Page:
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Isabel Natti’s Herring Factory Print is incredible on many different levels. One is that it is visually gorgeous, but what the casual observer may not understand is how much detail and how accurate the entire scene is to how we actually did things back in the day. Isabel worked for Wally Maggot, a guy who rented a pier that no longer exists on our property. They did the same type of whiting, squid and herring packing that my Grandfather Captain Joe, and Father and Uncle’s company did.
If you look at the photo up in the top right corner she tells the entire story starting with the two pair trawlers catching the herring.
Next in the middle, the boats are offloading at the dock where the herring get weighed and go up a conveyor into the pen room. From the pen room they would travel down on conveyors down the packing lines where they would get packed into 45 pound cases. Then they would get covered, weighed and then placed on big freezer racks. Next along you can see the person making up the boxes on the same box stapling machine that we used where you would press down with your foot on the pedal and it would swing the arm to staple the corners of the cardboard boxes. Lastly they get loaded on the truck to head off to the freezer.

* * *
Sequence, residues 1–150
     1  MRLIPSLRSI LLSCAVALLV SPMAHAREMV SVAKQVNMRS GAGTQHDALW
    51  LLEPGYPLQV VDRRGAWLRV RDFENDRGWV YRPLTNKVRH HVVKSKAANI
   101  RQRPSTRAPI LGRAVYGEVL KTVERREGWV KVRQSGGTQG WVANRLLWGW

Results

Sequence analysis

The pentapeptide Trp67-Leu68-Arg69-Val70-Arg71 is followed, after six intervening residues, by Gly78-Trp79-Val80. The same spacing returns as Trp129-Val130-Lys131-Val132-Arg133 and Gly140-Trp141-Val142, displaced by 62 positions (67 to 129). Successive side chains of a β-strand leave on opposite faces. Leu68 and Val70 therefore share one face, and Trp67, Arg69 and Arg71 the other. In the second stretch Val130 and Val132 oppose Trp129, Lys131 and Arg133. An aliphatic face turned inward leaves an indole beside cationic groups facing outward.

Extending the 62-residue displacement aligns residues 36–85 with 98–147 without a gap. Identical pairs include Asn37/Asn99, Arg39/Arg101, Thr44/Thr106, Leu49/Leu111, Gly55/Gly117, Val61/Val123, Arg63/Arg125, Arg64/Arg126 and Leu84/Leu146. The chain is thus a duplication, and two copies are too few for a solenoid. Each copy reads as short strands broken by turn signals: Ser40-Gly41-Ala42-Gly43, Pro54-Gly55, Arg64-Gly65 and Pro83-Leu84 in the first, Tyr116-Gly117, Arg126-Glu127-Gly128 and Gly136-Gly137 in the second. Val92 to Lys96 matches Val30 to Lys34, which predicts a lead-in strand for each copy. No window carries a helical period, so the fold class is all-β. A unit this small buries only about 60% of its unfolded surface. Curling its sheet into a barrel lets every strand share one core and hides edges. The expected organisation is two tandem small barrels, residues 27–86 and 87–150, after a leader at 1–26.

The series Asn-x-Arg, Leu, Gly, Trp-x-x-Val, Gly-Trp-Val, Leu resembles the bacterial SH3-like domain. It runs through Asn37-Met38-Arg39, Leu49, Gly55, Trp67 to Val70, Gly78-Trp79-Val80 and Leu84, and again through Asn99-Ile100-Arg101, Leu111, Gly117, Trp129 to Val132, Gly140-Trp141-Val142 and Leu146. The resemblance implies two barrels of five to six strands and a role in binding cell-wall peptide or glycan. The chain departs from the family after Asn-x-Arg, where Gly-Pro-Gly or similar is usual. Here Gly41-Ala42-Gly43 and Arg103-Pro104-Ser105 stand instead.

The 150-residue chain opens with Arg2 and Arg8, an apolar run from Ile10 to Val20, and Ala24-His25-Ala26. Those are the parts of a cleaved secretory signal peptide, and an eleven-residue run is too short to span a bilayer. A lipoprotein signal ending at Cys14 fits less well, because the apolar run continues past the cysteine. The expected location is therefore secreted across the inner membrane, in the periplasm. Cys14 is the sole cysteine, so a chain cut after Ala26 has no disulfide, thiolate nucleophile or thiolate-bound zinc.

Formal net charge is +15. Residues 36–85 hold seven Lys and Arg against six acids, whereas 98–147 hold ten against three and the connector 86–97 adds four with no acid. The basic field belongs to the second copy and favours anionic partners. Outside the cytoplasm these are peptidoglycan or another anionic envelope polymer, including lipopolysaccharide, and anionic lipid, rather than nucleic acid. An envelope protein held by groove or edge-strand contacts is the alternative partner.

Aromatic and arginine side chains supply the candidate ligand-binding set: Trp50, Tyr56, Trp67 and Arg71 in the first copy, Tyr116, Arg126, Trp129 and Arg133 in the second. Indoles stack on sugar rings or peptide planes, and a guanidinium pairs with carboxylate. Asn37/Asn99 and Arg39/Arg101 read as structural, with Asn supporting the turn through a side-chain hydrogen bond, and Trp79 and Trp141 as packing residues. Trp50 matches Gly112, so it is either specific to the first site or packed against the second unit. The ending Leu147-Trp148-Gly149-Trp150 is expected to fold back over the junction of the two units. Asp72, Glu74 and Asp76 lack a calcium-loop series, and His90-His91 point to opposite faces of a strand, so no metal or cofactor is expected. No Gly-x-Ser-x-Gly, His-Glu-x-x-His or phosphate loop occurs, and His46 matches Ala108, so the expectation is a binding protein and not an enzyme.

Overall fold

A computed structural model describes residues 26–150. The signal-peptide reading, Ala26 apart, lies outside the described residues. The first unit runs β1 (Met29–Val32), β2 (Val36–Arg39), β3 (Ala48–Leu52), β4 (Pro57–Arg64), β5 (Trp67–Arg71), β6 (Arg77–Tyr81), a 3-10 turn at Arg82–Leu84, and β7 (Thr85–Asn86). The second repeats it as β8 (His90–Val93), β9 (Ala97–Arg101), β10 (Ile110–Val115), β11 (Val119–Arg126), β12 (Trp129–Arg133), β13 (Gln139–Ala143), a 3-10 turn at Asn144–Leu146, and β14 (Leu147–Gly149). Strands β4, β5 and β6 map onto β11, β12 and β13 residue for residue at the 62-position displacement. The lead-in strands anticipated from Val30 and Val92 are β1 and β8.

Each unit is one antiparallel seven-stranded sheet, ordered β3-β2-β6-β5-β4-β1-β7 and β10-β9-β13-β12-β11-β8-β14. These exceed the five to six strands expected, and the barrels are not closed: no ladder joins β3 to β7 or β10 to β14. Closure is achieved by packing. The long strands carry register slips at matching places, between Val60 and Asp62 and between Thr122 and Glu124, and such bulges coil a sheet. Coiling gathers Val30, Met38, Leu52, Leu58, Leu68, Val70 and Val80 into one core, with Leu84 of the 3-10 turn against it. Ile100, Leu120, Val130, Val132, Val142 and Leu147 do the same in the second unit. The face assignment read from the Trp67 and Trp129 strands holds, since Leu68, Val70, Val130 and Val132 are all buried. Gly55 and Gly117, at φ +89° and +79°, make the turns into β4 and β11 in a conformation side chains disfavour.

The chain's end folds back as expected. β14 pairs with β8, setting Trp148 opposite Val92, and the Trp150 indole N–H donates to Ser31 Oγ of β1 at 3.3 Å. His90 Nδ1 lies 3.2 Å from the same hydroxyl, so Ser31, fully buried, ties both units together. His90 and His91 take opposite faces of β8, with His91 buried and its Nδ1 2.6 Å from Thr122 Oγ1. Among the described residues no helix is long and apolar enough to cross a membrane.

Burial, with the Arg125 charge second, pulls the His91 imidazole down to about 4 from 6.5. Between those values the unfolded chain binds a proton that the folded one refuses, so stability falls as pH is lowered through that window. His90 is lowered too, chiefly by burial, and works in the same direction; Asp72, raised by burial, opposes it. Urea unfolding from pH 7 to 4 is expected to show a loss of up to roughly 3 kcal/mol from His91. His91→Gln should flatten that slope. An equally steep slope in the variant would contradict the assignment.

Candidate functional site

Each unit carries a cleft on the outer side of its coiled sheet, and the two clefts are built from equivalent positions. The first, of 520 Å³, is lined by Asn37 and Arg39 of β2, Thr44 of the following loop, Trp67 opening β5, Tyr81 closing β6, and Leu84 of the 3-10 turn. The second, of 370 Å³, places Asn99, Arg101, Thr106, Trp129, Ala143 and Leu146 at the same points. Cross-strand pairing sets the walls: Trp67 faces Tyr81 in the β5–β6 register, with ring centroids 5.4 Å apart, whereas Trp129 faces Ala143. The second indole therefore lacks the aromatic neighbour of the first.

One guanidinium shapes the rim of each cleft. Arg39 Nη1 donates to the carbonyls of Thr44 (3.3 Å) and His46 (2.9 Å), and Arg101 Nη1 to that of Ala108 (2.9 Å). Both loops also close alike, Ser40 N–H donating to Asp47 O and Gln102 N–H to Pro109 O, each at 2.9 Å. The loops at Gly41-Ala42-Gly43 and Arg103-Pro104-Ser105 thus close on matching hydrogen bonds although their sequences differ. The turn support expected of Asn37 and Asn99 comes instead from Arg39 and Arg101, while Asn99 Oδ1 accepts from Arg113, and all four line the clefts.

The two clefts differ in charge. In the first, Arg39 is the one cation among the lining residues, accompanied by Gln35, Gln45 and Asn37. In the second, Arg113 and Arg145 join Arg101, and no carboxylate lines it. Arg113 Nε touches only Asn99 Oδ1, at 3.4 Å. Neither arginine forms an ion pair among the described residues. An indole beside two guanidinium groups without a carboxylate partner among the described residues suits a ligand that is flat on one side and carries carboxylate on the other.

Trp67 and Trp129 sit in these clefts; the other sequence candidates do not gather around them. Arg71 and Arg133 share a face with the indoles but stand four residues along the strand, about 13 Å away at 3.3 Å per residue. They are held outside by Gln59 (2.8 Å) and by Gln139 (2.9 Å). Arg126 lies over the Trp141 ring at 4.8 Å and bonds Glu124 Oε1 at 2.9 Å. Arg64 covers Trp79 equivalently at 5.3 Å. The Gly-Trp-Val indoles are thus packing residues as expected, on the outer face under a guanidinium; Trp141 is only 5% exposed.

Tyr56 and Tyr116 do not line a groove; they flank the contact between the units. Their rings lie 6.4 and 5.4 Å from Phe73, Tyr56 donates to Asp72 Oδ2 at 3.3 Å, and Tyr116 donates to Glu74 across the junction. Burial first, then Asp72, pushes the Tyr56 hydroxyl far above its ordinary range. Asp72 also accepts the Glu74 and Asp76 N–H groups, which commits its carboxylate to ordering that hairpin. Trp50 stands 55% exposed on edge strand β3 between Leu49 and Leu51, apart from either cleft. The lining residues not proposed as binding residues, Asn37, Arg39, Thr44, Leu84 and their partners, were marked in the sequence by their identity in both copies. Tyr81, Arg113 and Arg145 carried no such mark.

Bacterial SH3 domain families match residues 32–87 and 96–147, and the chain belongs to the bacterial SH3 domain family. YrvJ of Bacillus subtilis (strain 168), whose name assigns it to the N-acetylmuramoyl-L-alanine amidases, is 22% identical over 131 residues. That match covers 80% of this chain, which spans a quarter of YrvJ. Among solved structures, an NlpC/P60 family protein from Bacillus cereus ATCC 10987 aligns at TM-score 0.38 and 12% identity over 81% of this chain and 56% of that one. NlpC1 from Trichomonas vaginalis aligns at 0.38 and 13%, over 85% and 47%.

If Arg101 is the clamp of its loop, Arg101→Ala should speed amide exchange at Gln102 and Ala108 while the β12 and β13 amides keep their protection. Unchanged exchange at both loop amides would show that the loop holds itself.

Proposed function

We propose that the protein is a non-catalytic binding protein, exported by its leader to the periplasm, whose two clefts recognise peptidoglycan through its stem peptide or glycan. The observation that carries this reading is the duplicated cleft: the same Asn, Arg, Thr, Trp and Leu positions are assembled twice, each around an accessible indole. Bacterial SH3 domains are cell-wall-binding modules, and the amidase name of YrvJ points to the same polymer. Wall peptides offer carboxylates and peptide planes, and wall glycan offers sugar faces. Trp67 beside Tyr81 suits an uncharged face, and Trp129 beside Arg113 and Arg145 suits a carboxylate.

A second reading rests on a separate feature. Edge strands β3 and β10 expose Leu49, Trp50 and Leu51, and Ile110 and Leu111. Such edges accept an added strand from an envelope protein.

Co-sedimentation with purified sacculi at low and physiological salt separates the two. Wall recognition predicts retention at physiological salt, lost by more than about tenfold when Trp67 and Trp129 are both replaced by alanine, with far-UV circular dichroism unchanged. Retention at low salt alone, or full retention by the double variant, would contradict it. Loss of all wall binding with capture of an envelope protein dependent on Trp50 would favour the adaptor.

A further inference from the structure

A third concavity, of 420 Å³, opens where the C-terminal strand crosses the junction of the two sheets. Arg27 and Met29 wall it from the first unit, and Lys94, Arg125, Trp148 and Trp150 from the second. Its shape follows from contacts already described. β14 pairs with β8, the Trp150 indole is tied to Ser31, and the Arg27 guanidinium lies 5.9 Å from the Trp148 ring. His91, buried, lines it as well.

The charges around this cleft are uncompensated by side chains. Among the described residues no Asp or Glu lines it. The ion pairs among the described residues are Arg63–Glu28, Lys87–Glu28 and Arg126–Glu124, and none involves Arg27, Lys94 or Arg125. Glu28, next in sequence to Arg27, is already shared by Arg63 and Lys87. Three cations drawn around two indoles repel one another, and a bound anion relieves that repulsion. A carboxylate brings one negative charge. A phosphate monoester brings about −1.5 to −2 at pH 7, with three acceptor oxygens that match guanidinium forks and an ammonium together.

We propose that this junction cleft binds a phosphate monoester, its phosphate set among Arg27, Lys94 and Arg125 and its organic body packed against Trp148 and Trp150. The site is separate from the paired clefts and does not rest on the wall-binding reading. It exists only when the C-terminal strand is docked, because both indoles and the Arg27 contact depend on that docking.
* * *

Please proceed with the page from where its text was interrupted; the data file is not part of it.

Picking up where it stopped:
I can’t believe she captured the entire scene in one frame. It is all there- the story of many many people’s day on Gloucester Harbor. I can see it all and it will live on through her work even though the piers have long fallen into the ocean.
Part II of our interview will be posted at 9:00AM
These lobster placemats can be purchased at The Sara Elizabeth Shop where Isabel Natti hand presses them with the Acorn Press. Part II of our interview with Isabel Natti will be up at 9:00AM
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Here is the Acorn Press still used today at the Sara Elizabeth Shop at The Whistlestop Mall in Rockport. Part one of my interview with Isabel Natti who maintains this tradition will run today at 9:00AM.